Entry 9: The London Art Fair 2022

Across the spectrum of art fairs, you have the big ones such as Frieze, Art Basel, and 1-54, but you also have the London Art Fair. Known as the longest-running contemporary and modern art fair in the UK, the fair was founded in 1989 by London’s Business Design Centre, with its main aim to provide a home for modern British art. If we fast forward to today, the fair displays modern and contemporary art by renowned artists from the early 20th century to the present day. At its inception, it showcased 36 UK galleries, some of which still appear at the fair to this day, and over the past three decades, the fair has steadily grown to well over 100 galleries with a growing presence of international artists.

The London Art Fair prides itself on creating an experience that enables visitors to delve into regional collections – it is a space to discover, learn, and engage; visitors are given the opportunity to explore various works from the emerging to the established. Just like the big fairs, you can expect a rich programme filled with curated talks, panel discussions, and insights from the exhibiting artists and galleries.

This year saw the fair collaborate with The Women’s Art Collection to celebrate the contribution of women to the art world.

In terms of art which caught my eye, starting with modern painters, we have Anthony Benjamin and Edward Middleditch.

Overlayers for Meddlers by Anthony Benjamin (1965) at Broadbent Gallery. Photo Credit: Chard Adio

Colourful and expansive is Anthony Benjamin’s work in a nutshell. An abstract painter with a command for the colours blue and red. Although in Overlayers for Meddlers, he’s more subtle with his use of the two colours. Moreover, it should also be noted that in his work and this, we see these non-geometric shapes.

Tree in Blossom by Edward Middleditch (1956) at Christopher Kingzett. Photo Credit: Chard Adio

Middleditch’s Tree in Blossom was an interesting piece, it’s abstract in composition but also impressionistic. Everything appears rough, like seawater – the brush strokes look so abrasive. But that’s the beauty of this piece because even the shadows of the tree have this distinct rawness to them.

Moving on to some contemporary artists, we have Nick Veasey, Lizzie Riches, Tiffanie Delune and Melanie Comber.    

Batman by Nick Veasey at Process Gallery. Photo Credit: Chard Adio

My first encounter with Nick Veasey’s work was on Instagram a couple of years ago, and after seeing the work in person and speaking to him and his family I appreciated the work even more. Veasey uses X-rays to show the beauty of our world but also deconstruct it.

Pomegranates by Lizzie Riches at Portal Painters. Photo Credit: Chard Adio

In this piece by Lizzie Riches, we see the combination of renaissance and contemporary themes – the contemporary aspects ground the work to this period. The figure in this piece looks poised and elegant, and this is accentuated by the white background.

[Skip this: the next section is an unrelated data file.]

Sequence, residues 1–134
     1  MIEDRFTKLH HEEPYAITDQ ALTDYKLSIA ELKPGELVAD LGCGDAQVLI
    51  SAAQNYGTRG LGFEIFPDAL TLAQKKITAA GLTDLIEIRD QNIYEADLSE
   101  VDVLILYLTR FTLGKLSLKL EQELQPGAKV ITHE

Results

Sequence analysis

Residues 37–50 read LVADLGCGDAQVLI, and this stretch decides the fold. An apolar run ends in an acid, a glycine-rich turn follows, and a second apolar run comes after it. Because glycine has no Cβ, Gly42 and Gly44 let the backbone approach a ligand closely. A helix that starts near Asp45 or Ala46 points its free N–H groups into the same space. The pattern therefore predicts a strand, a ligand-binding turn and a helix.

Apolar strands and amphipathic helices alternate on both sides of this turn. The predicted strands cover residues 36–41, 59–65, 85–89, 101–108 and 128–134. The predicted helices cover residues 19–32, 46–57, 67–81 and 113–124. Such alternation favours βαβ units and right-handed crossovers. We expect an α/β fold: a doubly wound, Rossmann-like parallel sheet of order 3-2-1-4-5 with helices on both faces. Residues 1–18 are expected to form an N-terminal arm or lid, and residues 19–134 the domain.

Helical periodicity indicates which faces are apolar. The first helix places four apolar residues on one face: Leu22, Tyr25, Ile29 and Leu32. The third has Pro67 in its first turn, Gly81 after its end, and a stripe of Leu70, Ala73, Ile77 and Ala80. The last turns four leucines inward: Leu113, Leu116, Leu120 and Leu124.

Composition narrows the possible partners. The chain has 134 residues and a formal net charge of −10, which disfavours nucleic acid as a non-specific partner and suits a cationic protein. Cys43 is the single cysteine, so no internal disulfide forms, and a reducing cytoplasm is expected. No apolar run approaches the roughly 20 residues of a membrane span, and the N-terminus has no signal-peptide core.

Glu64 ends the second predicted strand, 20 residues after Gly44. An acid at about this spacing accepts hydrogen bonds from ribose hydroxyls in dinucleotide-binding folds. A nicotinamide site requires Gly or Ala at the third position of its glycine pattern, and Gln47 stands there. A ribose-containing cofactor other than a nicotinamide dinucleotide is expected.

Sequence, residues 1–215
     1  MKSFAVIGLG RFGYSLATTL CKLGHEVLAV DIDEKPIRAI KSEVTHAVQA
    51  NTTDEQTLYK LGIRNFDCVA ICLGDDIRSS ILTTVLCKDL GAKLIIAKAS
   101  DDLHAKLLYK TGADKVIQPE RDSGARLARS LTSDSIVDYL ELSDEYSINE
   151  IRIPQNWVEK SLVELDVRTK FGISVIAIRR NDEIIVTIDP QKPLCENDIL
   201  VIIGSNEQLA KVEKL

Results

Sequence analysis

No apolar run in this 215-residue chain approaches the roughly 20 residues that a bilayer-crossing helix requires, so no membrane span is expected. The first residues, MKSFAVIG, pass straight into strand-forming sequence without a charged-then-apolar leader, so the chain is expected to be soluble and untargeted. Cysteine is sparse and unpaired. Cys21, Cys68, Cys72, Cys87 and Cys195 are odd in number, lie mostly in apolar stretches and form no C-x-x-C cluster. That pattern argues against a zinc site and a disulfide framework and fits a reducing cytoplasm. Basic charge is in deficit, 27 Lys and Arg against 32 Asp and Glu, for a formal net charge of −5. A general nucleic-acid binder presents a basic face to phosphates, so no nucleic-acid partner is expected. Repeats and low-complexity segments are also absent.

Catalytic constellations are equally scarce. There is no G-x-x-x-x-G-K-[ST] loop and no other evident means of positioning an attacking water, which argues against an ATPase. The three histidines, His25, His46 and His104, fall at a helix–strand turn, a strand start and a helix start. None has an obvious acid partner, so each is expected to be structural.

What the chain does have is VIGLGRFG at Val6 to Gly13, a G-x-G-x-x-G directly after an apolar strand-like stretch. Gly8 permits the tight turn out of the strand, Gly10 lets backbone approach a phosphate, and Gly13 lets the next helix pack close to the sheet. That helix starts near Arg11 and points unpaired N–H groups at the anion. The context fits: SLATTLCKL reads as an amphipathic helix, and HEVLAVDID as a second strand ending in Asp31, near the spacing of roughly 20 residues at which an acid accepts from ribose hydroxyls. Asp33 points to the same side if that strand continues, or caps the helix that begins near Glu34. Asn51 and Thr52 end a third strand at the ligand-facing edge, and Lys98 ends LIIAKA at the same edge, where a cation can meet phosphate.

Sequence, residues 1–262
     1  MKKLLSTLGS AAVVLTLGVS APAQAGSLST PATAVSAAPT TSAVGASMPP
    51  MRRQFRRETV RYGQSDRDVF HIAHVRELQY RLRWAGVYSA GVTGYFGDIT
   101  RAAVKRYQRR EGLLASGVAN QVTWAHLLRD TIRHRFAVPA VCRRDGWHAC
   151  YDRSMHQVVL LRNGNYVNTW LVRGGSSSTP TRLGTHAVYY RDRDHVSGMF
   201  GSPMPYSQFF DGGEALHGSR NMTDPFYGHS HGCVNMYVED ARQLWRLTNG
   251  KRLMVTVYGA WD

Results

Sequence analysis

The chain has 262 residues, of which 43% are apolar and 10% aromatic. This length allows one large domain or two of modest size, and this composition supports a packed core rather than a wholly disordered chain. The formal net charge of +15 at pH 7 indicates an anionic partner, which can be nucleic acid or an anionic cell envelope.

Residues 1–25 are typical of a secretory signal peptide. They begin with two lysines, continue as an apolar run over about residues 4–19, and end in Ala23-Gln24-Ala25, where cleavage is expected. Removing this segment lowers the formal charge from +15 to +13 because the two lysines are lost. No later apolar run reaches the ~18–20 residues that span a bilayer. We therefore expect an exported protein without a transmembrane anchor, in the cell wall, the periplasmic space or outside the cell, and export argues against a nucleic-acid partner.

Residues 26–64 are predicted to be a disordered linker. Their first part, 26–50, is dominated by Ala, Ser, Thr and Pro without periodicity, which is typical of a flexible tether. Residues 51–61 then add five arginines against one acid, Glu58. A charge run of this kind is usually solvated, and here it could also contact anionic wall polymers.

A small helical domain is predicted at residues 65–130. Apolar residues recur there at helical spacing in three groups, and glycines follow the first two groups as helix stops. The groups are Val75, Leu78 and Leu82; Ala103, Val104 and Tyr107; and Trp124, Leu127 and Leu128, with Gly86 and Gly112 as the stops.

Free Birds Learn to Sing in Silence by Tiffanie Delune at Ed Cross Fine Art Gallery. Photo Credit: Chard Adio

Rich and effervescent with colour are what I would use to describe Tiffanie Delune’s work. Delune’s work focuses on her heritage, her femininity and her spirituality. All of these coalesce to provide the viewer with a unique experience as they traverse through her work.

Melanie Comber at Osborne Samuel. Photo Credit: Chard Adio

When it comes to my favourite artist from this year’s fair, it has to be Melanie Comber. When I saw her work for the first time, I immediately said, “How did she create these?” With my follow-up being, “This has to be made from sand?!” And to my surprise, they weren’t.

Black Hole (2) by Melanie Comber at Osborne Samuel. Photo Credit: Chard Adio

The execution behind these pieces is something to truly marvel at. Comber creates these barren landscapes from materials such as oil and pigments. Reminiscent of locations such as the Sahara Desert, Comber creates these worlds full of wonder and mystery; the works straddle between reality and the abstract; it’s a serendipitous mash-up of a photograph, a painting and a sculpture.

Moreover, this mini-memoir would not be complete without mentioning some sculptors. Two that caught my attention were Oliver Barratt and Victor Seaward.

Autumn Rthymn by Oliver Barratt at Beardsmore Gallery. Photo Credit: Chard Adio

Expressive and whimsical, Barratt makes steel look so fluid; Geometry is thrown out of the window when it comes to Barratt’s sculptures. As the artist says himself, “I find myself drawn to the imagined place where what I know leads to what I do not know, and what is understood gives way to what I do not know.”

Dragon Fruit by Victor Seaward at Contemporary Sculpture Fulmer. Photo Credit: Chard Adio

With regards to Seaward, his sculptures were a great addition to the fair – the execution behind them is impeccable and should be commended.

With the art world slowly returning from its August slumber, I wanted to use this quiet period to retrospectively look back at The London Art Fair. Fairs such as these can be refreshing and a fantastic way to see UK-based artists and galleries you are less familiar with. Within the art world, in particular, the UK, London is seen as synonymous with the UK’s art scene. But if we look beyond London, and jump on the M1 or the M6, you’ll find some gems across the UK.

So if you’re in London come January 2023, then definitely check out the London Art Fair.

Written by David Ogbechie
Edited by Chard Adio

Photo credit: Featured image by Mark Cocksedge (Outside of London’s Business Design Centre)

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